David Hauweele, Bruno Quoitin, Cristel Pelsser, Randy Bush
The Border Gateway Protocol propagates routing information accross the Internet in an incremental manner. It only advertises to its peers changes in routing. However, as early as 1998, observations have been made of BGP announcing the same route multiple times, causing router CPU load, memory usage and convergence time higher than expected.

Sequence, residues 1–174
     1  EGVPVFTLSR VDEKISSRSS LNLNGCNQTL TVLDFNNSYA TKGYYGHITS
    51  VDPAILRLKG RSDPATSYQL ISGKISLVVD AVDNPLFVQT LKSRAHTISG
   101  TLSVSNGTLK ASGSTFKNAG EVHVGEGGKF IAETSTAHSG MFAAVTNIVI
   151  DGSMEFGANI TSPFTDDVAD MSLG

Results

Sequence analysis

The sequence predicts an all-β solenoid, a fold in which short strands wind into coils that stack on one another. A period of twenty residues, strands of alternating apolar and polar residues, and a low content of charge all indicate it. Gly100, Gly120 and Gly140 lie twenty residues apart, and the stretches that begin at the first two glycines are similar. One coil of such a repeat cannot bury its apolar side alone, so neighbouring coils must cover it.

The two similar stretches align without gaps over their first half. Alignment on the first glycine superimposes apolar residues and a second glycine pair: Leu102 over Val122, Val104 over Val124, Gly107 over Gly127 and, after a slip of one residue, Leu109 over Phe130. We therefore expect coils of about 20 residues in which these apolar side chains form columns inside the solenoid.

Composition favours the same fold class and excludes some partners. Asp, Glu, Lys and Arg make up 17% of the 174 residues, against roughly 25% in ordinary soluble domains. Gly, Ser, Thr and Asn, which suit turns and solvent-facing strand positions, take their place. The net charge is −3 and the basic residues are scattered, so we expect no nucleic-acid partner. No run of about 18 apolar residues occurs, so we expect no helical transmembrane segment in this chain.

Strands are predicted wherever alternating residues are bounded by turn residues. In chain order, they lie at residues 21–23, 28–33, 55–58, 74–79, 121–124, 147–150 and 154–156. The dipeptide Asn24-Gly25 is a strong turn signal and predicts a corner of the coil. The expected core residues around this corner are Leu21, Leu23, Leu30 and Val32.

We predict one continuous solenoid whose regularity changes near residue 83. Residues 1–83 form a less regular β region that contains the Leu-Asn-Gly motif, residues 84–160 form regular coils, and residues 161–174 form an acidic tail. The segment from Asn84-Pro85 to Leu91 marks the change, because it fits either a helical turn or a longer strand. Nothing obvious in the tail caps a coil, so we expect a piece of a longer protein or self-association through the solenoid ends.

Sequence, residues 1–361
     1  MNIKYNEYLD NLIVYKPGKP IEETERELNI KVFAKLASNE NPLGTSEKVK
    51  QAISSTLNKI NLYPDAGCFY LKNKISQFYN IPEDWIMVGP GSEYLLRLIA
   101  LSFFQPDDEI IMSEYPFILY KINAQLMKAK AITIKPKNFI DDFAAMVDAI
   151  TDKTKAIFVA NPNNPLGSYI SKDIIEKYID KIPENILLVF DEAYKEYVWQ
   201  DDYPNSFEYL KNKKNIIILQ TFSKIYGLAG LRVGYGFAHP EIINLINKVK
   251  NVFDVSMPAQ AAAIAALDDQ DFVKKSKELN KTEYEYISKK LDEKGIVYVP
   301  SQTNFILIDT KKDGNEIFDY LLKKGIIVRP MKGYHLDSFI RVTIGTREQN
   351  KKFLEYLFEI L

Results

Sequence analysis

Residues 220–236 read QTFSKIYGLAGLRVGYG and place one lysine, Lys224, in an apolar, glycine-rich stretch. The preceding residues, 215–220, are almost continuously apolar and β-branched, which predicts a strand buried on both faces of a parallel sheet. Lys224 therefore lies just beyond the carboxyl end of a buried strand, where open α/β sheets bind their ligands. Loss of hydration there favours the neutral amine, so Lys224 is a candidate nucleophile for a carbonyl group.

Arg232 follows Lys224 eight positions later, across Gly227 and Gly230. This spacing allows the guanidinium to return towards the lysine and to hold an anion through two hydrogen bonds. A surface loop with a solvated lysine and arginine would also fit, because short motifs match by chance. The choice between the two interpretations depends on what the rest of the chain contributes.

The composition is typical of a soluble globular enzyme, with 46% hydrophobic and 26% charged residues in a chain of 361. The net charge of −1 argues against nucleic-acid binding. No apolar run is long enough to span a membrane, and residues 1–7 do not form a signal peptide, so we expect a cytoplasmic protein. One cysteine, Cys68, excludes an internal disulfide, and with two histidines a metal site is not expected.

In this paper, by performing controlled experiments, we pinpoint multiple causes of duplicates, ranging from the lack of full RIB-Outs to the discrete processing of update messages. To mitigate these duplicates, we insert a cache at the output of the routers. We test it on public BGP traces and discuss the relation of the cache performance with the existence of bursts of updates in the trace.